We used the probability for chicks to approach the colour cues presented (i.e. whether a chick approached the cue or not, within 30 seconds) in our first judgement bias task to explore their judgement prior to being exposed to the unpredictable stressors. Chicks approached both the rewarded cue and the close to rewarded cue 98.8% of the time, the middle cue 89% of the time, and the near unrewarded and unrewarded cues 58 and 54% of the time, respectively. The probabilities of approaching ambiguous cues were thus over chance level, guiding our interpretation of responses measured in the judgement bias task as measuring variation in optimistic bias9,27.

Effect of cold stress

We measured individual chick’s latency (in seconds) to reach presented colour cues in our judgement bias test after exposure to cold stress, and again after exposing them to 5 days of additional unpredictable stressors. Cold stress did not influence latency to the colour cues in the first or the second judgement bias task (p > 0.24 for all cues, and with Bonferroni correction even less significant, Fig. 1d). Confirming this and based on model selection, models best explaining variation in our data did not include the variable ‘Cold stress’ (Table 1). This means that this variable was not very important in our models (Table 2), and show that there were no difference between the cold stressed and not cold stressed birds in responses to the judgement bias test either before or after adding the additional stressors (cold stress: mean 27.69 ± 0.78 sec; not cold stress: mean 27.79 ± 0.87 sec Fig. 1d–f).

Figure 1
Figure 1

Influence of stress and environmental complexity on judgement bias in young female domestic fowl. Latency in seconds (mean ± SE) to approach colour cues in a judgement bias test in relation to cold stress treatments and environmental complexity before (a,d) and after (b,e) chicks were exposed to a battery of unpredictable stressors. Cold stress treatment in young chicks did not affect optimism in chicks before (d) or after (e) exposure to unpredictable stressors and therefore we did not observe a changed response from the 1st to the 2nd judgement bias test (f). Environmental complexity did not affect latency to reach the colour cues before (a) exposure to unpredictable stressors, but after (b) exposure to unpredictable stressors, chicks in complex conditions had shorter latencies to reach the ‘NEG’, ‘NearNEG’ and ‘NearPOS’ colour cues, showing a changed response from the 1st to the 2nd test (c) and were thus less optimistic. ‘NEG’ = unrewarded cue, ‘NearNEG’ = cue close to unrewarded cue, ‘MID’ = intermediate cue between rewarded and unrewarded cue, ‘NearPOS’ = cue close to rewarded cue, ‘POS’ = rewarded cue.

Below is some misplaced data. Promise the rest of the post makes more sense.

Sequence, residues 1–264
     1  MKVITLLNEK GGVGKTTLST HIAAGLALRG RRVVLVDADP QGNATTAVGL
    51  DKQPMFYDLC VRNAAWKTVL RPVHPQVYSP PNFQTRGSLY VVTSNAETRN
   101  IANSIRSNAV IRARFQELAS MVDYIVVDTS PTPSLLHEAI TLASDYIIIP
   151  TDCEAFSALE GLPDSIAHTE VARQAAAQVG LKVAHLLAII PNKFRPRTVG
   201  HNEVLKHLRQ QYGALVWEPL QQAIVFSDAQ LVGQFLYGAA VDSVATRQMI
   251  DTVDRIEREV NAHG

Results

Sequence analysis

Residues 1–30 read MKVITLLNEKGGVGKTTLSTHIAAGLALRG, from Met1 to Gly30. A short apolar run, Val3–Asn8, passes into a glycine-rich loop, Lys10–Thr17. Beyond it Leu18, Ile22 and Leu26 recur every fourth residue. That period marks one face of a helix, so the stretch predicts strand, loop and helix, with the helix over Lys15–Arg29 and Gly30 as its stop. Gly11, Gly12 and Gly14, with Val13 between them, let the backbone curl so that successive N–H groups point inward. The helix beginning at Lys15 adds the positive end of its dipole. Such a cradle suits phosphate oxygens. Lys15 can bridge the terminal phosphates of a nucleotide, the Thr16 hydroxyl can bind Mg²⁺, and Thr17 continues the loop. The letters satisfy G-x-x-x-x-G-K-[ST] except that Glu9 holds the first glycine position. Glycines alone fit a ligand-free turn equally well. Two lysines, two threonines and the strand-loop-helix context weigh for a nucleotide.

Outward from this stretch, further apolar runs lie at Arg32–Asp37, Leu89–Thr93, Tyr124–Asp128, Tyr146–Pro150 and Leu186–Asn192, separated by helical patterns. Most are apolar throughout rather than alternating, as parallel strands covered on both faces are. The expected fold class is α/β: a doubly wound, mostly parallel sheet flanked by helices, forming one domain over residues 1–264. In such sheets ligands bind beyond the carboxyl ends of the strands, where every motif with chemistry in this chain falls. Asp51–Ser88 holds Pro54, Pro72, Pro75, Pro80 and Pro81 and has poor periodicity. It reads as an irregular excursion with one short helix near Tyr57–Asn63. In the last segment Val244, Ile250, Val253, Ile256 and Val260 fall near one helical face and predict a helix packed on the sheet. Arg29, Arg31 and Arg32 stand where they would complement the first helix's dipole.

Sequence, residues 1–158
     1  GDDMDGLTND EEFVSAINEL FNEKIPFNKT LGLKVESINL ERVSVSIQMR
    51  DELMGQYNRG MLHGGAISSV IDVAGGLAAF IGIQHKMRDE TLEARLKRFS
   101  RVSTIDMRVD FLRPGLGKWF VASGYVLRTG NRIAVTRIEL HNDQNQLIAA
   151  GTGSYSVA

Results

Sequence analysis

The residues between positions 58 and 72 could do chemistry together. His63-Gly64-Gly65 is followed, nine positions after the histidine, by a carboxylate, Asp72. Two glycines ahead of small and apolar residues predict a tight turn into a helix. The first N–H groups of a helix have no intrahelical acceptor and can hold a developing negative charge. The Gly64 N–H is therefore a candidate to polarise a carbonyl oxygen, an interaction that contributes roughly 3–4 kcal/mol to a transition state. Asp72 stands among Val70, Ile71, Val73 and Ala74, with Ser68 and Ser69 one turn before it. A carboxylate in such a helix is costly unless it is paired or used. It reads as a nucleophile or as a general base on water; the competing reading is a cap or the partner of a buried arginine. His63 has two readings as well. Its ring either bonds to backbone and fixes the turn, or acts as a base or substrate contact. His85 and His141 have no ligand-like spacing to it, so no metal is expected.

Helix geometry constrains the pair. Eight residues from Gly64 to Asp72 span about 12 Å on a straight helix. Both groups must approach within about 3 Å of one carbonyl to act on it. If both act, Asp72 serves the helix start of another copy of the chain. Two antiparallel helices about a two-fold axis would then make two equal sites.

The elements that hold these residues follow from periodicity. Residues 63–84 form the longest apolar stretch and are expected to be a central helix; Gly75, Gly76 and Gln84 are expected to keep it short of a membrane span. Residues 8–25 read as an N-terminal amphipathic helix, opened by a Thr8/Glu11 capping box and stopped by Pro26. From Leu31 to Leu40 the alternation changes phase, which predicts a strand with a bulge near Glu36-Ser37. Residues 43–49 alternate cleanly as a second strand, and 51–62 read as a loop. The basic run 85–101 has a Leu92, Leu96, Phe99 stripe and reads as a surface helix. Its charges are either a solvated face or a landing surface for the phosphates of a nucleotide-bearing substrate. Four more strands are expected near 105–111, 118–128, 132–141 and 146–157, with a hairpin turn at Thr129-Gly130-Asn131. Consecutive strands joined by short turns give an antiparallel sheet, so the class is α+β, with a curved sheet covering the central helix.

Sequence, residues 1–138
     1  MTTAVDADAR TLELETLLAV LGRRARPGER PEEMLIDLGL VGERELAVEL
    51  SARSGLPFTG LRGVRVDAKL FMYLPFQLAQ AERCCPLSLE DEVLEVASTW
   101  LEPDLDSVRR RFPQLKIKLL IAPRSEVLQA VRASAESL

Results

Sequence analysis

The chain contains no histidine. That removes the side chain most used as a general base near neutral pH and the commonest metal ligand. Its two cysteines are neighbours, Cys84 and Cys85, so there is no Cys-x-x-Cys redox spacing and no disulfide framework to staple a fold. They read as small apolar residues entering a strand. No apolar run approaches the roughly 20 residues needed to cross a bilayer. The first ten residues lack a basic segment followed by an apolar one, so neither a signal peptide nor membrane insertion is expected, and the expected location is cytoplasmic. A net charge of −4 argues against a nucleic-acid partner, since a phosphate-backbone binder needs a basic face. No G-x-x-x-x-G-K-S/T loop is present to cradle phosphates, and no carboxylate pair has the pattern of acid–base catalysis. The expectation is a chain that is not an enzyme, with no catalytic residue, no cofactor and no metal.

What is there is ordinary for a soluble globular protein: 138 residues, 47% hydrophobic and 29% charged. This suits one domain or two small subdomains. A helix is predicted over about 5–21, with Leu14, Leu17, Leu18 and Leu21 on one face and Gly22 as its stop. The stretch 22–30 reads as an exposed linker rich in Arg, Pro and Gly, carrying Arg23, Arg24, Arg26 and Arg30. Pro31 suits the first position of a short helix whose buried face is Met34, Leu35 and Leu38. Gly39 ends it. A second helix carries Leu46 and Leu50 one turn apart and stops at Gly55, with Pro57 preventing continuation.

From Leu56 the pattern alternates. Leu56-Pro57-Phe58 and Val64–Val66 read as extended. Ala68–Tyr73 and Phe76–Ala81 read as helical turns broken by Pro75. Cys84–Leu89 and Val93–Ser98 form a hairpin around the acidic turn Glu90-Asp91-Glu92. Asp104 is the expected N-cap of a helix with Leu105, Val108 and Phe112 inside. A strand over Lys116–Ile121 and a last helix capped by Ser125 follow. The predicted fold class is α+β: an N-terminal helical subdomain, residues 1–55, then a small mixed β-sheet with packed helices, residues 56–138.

Table 1 Models explaining variation in judgement bias among young female domestic fowl. Judgement bias was measured as individual change in latency to approach colour cues between two judgement bias tests (for more details, see main text). Models are ranked according to their AICc value and weight (ω), where lower AICc values and ω weight imply a better goodness of fit. Models shown are within ΔAICc <2. For comparison, ‘Null’ models are shown despite having ΔAICc >2. Estimates for all supported variables are given. In cases where several variables are included in a model, variables are presented in the same order as they are presented in the ‘Model column’, separated by a straight line. Estimates (mean ± SE) for categorical explanatory variables are given in the results section.
Table 2 Overview of importance of variables from the selected models explaining judgement bias among young female domestic fowl. The sum of AICω (ΣAICω) for variables occurring in supported models (Table 2, obtained from models with accumulative weight 0.95). ΣAICω close to 1 show variables that are included in all of the supported models and, conversely, towards 0 if the variables appear in few supported models.